29 February 2012

On the English Question (II) ...

As promised in yesterday's post on attitudes in England towards identity, devolution, finances and government, a few more graphs from the NatCen data.  In my last blog, we saw that English perceptions of Scottish public spending have changed significantly since 2000, but much more modestly in the past few years. Perhaps the starkest finding is that in 2011, 43% of respondents based in England believe that Scotland received more than its fair share of public spending, compared to 21% who harboured such suspicions in 2000.

Today, I wanted to focus on the identity questions posed by the NatCen researchers. Their study report asks, does England feel more English? Answering that question using this sort of data is not unproblematic.  But to proceed in a workmanlike manner, within the very limited terms afforded by the survey instrument, how did the decent wadge of respondents self-identify? How have these identifications changed over time? What primary identities do people avow? Where folk identify with multiple identities (as many British people do), which of them, if any, would they prioritise? Are there any signs that people are increasingly giving Englishness priority over Britishness?

To kick us off, the researchers collated data from 1996 to 2011 British Social Attitudes Survey, asking which national identities those questioned identified with. Respondents living in England were invited to choose from a list of options - English, British and so on - and could choose as many as they liked. So what did they find? The results are plotted below, but to take the most recent year, in 2011 61% of people living in England identified themselves as English, 66% chose British, while 37% of folk chose both identities.  Despite the instability presently pulling at the fabric of the British state, as an identity in England, bare and unadorned identification with Britishness has proved strikingly stable over the last sixteen years, while Englishness leaps up and down like an irate frog.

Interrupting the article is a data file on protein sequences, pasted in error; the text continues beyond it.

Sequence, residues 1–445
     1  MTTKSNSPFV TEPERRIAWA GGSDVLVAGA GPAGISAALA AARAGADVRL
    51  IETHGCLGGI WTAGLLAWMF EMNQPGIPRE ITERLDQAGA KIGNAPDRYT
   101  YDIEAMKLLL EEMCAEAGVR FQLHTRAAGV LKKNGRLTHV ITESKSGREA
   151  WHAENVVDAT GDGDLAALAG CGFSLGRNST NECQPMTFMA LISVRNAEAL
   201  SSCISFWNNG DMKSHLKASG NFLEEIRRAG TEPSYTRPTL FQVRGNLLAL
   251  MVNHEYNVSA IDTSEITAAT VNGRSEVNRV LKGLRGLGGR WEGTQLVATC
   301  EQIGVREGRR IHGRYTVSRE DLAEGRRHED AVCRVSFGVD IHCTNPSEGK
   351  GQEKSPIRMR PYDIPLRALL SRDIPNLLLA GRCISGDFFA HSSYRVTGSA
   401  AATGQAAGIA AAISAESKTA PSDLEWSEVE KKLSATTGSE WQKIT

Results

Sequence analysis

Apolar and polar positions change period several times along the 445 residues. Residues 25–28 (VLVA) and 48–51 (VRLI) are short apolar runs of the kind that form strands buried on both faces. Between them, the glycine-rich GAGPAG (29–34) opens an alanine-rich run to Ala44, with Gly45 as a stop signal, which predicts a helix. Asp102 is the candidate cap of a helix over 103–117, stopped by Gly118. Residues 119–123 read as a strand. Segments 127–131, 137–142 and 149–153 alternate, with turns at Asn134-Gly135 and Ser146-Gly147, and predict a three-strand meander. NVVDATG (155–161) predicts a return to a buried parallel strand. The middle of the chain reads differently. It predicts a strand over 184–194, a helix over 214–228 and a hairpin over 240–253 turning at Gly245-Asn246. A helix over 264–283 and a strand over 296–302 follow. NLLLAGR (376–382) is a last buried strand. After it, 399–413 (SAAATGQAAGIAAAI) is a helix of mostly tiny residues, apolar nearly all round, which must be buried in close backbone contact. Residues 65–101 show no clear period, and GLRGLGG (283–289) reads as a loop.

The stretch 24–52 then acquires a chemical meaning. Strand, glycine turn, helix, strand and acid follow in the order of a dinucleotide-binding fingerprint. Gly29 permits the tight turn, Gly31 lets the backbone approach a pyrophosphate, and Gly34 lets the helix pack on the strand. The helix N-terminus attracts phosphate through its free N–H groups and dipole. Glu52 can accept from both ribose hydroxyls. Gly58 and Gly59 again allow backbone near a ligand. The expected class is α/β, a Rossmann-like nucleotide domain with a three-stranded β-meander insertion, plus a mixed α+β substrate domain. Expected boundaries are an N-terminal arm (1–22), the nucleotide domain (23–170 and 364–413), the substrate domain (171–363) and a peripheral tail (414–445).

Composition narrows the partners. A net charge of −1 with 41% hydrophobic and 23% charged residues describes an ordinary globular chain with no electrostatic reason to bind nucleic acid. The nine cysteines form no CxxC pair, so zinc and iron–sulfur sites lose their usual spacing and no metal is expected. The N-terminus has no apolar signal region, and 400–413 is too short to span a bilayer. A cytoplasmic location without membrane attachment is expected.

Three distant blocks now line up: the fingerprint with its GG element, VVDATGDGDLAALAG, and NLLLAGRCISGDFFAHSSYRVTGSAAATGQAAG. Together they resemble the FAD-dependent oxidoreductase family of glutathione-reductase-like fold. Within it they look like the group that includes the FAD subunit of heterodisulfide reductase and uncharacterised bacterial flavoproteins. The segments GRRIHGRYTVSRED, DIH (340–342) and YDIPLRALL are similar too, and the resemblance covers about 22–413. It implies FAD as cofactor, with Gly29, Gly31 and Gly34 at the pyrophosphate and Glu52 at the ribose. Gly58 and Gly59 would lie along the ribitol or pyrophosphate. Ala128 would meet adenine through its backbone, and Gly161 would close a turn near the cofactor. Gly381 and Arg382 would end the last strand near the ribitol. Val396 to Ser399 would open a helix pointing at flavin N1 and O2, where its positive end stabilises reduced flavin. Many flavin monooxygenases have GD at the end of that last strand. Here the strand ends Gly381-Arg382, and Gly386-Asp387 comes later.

In an attempt to move beyond binary choices, and to try to say something more nuanced about how respondents envisaged their identities, data was also generated which seeks to discern (or one might say, for villainy, impose a model of) prioritised identities on respondents. You'll likely all have answered questionnaires with similar forms of question: do you feel Scottish not British, more Scottish than British, equally both, or more British or just British? Between 2000 and 2009 (but not every year in that period), these questions were put to those living in England. In 2008 and 2011, by contrast, the question was asked of those born in England only.  For the first period, the results were as follows. As the researchers suggest, it hardly furnishes clear support for the thesis that a clear English consciousness is emerging (in part response to developments elsewhere in these islands), which rejects as increasingly sclerotic an addled and irrelevant Britishness. Not a bit of it, in fact.


Does the drift of opinion change if you ask only those born in England? Not spectacularly. While the number of English-born respondents rejecting British identity altogether increases, it does so relatively modestly. The results for 2008 and 2011 were as follows:



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